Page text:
One of my favorite hacks to fix puppy behavior problems is using a wooden spoon to stop your pup from pulling on his leash. Apply some peanut butter to the end of a wooden spoon. Hold the spoon out to the side of your body where you want your pup to walk while on a lead.

Your dog will focus on the peanut butter and walk nicely beside you without pulling. Over time, you can reduce the amount of peanut butter that you use until you gradually remove the treat all together. Your dog will quickly learn to walk nicely next to you without a lot of hassle.

5. Make Homemade Puzzle Toys and Games

Although physical exercise is important, it's not all that our dogs need. Mental stimulation is important too. A bored puppy can become quite a nuisance.

Studies have shown that playing with a toy that makes a dog think and use abilities he already has in a new way will tire him as much as a walk around the block!

All you'll need is a few small cardboard boxes and/or clean, empty bottles and a motivational treat. If your dog is not highly motivated, try using a treat with a strong odor like lunch meat or jerky treats. The stronger the smell, the easier it will be for your dog to find the hidden item.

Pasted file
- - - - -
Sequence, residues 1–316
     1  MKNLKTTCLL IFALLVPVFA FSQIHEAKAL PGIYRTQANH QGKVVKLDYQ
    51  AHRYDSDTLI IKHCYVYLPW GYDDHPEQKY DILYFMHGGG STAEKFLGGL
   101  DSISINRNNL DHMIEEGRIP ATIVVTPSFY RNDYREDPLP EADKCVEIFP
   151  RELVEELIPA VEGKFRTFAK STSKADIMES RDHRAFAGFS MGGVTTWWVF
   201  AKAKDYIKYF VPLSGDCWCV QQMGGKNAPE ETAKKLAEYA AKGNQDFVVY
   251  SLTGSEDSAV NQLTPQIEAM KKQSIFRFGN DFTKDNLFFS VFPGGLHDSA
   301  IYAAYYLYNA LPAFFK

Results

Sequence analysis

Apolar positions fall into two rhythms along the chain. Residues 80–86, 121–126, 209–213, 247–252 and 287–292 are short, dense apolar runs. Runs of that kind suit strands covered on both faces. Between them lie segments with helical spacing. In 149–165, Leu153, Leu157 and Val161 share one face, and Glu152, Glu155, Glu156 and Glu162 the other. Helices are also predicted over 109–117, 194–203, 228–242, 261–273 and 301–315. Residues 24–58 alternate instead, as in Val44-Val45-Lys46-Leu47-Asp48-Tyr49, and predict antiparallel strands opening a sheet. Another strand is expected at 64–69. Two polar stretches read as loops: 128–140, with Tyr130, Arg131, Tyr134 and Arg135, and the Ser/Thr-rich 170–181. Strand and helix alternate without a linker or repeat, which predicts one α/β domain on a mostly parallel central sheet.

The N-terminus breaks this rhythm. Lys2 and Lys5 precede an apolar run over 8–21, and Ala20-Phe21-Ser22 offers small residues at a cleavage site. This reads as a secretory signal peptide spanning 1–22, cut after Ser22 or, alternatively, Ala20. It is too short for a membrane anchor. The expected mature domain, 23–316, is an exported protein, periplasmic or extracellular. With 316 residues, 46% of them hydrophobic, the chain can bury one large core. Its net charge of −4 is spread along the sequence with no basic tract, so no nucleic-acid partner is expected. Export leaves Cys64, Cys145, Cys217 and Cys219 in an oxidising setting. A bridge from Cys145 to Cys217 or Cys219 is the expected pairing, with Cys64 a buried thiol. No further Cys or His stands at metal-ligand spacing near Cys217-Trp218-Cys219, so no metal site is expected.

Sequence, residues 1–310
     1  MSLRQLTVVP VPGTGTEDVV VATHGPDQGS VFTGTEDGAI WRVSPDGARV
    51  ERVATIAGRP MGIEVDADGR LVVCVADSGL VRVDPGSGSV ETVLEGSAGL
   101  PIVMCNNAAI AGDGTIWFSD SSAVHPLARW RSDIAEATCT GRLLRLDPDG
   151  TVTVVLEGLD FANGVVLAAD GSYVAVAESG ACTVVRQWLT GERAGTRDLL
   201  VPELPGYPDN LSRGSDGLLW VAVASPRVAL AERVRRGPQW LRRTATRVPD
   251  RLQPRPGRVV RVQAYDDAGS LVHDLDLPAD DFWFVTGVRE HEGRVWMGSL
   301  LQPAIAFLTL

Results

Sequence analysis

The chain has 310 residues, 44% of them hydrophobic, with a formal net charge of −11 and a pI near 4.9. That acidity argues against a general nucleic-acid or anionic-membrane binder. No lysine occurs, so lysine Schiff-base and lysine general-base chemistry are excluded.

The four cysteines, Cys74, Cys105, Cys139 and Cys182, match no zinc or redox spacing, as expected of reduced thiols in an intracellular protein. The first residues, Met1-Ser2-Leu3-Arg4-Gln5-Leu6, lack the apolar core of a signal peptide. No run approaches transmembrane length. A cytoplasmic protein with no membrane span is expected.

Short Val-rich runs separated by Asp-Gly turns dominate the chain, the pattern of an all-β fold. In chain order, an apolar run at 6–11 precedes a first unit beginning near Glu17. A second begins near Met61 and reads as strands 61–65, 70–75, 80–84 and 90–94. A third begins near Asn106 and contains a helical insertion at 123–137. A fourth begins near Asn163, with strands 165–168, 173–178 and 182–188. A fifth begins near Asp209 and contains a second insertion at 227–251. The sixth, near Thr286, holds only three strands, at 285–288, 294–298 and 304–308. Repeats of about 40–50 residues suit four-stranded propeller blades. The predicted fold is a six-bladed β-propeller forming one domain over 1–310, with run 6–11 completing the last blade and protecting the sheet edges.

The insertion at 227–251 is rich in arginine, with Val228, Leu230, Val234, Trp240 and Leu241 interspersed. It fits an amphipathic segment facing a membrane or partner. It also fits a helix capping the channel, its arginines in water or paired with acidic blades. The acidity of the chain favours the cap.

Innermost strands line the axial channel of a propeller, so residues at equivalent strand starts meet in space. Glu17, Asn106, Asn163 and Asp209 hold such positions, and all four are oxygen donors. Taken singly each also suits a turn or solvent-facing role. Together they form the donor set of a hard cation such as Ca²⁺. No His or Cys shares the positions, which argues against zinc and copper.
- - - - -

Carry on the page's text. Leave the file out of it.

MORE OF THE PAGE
Put treats underneath all the boxes (or inside all of the bottles) but one. Your dog should sit and wait for you (which my dog did NOT do very well). If need be, you can anchor your dog's leash to something to keep him from following you around to all the boxes.

Be sure to touch all the boxes, even the ones that you don't hide treats under. Let your dog sniff each box and figure out how to tip it over and reach the treat underneath. When he finds a treat, use a lot of praise and encouragement to show him that he's doing a great job!

Although you may need to give him subtle directions at first, try to do as little as possible to help your dog with his search. The challenge is what makes it exciting. At first your pup may not realize this, but his natural instincts will kick in quickly, and he'll realize how much fun games like this can be.



6. Keep A Strict Routine

A routine helps a puppy get to know your family, your home and your lifestyle. Do your best to keep meal time, play time and daily walks at about the same time each day. You will also need to create a structured sleep schedule for your pup. He should go to bed around the same time every night and wake up around the same time every day.

The most important thing you need to do when you bring your puppy home is to spend plenty of time with him until he gets used to your family and your environment. If at all possible, bring the puppy home when you can spend a few days with him, such as a Friday afternoon, or possibly take a couple of days off work. Always be patient with the puppy and stay consistent with your training.

READ NEXT: Top 25 Best Puppy Toys for Teething and Mental Stimulation

Samantha’s biggest passion in life is spending time with her Boxer dogs. After she rescued her first Boxer in 2004, Samantha fell in love with the breed and has continued to rescue three other Boxers since then. She enjoys hiking and swimming with her Boxers, Maddie and Chloe.